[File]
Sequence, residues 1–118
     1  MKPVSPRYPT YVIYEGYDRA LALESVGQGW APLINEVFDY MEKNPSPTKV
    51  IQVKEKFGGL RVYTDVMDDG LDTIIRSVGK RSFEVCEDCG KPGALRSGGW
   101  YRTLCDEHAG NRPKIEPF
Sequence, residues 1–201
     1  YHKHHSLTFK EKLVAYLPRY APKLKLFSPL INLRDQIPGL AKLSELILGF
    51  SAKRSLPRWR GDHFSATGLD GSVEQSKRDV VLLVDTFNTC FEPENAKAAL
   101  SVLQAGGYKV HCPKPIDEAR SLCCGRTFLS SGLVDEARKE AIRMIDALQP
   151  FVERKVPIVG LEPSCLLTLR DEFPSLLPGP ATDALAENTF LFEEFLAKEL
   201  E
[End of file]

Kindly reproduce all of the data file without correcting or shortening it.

Sequence, residues 1–118
     1  MKPVSPRYPT YVIYEGYDRA LALESVGQGW APLINEVFDY MEKNPSPTKV
    51  IQVKEKFGGL RVYTDVMDDG LDTIIRSVGK RSFEVCEDCG KPGALRSGGW
   101  YRTLCDEHAG NRPKIEPF
Sequence, residues 1–201
     1  YHKHHSLTFK EKLVAYLPRY APKLKLFSPL INLRDQIPGL AKLSELILGF
    51  SAKRSLPRWR GDHFSATGLD GSVEQSKRDV VLLVDTFNTC FEPENAKAAL
   101  SVLQAGGYKV HCPKPIDEAR SLCCGRTFLS SGLVDEARKE AIRMIDALQP
   151  FVERKVPIVG LEPSCLLTLR DEFPSLLPGP ATDALAENTF LFEEFLAKEL
   201  E